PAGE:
Building Tomorrow’s Creators: Lessons from Play

By Niko Varella, Teacher

Bing Nursery School teachers were among the more than 1,200 attendees of the 2015 Innovative Learning Conference, which focused on the theme “Tipping Points in Education.” The biannual conference organized by The Nueva School was held in October at Nueva’s Hillsborough campus. Attendees heard from experts and leaders in the fields of education policy, engineering, neuroscience and more on how the way people learn and teach in the coming decades will likely be defined by the choices made in education today.

Of particular interest to me were two presentations relating to fostering creativity. Schools across the United States struggle to inspire students to enjoy learning and delve into creative thinking without fear because these qualities are essential to become self-motivated, confident learners. At Bing, with our play-based curriculum, we do our best to indulge children in their creative and inventive natures, a practice that neuroscience research has shown allows children the capacity to learn and create more.

At the conference, Elizabeth Rood, vice president of education strategy of the Bay Area Discovery Museum and director of the Center for Childhood Creativity, spoke about the imperative of creativity. She said she believes that “creativity is dramatically, vastly underdeveloped in our children,” essentially robbing them of “the skills that they need to solve all the biggest problems around us.” In an increasingly complex world, those without the ability to be creative, said Rood, will be hampered in their ability to arrive at solutions. “Creativity is not just about the arts,” she said. “It is the imaginative capacity to conjure up what does not currently exist.”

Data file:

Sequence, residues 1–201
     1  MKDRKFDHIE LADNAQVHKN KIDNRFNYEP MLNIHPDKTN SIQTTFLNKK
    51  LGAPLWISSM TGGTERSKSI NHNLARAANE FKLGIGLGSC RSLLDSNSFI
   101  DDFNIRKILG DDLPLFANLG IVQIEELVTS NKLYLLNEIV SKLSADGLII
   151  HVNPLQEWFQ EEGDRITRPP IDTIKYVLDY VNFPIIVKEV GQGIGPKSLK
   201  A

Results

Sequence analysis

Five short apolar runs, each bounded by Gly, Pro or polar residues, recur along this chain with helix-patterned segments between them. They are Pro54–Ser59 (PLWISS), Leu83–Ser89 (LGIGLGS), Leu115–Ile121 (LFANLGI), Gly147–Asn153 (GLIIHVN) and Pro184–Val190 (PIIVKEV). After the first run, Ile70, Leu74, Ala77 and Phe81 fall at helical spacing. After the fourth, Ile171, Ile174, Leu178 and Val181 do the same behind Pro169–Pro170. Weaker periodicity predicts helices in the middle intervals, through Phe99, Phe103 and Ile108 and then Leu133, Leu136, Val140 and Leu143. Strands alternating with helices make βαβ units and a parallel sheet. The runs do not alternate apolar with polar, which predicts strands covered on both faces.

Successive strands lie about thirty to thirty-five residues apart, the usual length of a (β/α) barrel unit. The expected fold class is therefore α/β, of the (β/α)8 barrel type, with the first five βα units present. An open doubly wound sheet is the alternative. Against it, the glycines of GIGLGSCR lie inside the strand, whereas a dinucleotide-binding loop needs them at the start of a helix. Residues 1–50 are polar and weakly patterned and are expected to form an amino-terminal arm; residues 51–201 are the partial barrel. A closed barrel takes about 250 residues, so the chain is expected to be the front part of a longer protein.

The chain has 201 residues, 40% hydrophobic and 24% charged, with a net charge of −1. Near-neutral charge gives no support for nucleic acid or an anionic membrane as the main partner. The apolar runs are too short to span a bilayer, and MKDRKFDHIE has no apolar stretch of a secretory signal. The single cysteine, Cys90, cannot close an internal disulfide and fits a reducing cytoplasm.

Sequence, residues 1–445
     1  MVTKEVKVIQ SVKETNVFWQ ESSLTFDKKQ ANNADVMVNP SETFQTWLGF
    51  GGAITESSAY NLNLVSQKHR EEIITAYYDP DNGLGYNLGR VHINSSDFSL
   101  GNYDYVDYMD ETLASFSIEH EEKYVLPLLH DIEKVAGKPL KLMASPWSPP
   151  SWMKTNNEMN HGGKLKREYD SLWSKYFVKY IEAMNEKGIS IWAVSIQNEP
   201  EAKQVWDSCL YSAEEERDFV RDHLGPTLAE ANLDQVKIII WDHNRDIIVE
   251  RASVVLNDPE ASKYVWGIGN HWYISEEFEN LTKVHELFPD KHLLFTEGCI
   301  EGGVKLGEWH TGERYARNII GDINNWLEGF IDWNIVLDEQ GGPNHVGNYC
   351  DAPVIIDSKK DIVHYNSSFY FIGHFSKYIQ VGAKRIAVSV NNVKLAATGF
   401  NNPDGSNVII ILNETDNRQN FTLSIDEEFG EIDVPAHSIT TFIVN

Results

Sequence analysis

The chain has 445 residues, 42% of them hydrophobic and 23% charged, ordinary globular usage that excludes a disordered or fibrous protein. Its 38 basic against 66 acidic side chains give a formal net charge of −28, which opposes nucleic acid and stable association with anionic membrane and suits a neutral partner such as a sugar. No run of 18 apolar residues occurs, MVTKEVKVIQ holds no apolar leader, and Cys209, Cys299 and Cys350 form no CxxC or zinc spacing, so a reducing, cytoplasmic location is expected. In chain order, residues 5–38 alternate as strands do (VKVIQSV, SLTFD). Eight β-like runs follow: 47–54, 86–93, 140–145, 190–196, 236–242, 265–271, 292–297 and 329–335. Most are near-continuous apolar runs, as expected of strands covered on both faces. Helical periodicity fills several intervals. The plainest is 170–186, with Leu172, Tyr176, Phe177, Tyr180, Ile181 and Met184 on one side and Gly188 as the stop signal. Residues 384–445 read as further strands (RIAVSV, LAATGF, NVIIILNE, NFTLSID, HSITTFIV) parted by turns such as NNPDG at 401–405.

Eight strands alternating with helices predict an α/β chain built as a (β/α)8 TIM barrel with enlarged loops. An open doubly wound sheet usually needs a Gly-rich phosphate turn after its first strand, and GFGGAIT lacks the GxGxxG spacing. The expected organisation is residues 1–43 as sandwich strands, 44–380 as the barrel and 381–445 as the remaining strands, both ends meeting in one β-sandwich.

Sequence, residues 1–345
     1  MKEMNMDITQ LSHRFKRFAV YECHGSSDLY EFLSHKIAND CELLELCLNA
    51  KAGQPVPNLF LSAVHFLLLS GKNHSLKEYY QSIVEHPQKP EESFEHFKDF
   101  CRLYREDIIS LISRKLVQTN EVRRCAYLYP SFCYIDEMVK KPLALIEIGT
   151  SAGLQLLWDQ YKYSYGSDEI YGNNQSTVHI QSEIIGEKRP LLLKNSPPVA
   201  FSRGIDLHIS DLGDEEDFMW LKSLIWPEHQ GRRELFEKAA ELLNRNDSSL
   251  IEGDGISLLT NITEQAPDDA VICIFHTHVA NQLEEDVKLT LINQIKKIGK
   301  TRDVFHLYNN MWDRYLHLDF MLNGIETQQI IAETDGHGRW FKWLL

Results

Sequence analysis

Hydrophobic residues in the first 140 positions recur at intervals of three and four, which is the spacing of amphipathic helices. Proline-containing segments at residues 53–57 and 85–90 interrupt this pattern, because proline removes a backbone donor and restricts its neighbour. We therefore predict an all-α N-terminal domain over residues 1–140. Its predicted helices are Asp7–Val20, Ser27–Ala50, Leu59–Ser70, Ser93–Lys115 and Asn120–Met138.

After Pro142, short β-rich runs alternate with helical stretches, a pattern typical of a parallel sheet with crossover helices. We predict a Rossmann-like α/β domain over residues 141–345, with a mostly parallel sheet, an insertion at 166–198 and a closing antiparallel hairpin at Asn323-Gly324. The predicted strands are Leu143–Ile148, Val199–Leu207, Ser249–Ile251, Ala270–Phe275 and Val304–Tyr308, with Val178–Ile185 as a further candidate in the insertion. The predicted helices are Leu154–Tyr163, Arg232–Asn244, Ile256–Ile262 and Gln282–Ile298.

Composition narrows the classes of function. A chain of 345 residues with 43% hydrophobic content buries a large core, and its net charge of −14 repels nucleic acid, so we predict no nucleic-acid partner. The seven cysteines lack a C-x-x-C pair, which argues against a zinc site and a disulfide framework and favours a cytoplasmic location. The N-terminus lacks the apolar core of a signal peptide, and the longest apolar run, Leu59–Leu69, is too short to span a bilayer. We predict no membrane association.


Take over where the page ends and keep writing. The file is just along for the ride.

Without a way to stimulate and promote creative thinking in education now, not only the children will suffer. That’s because economies and societies thrive on creativity, said Rood. In fact, she said, according to the U.S. Bureau of Labor’s predictions, when current young elementary school children enter the workforce, 65 percent of the economy will be made up of new types of jobs that do not currently exist. “So as things are rapidly evolving and shifting and changing, we need to prepare our children for a very different way of thinking.”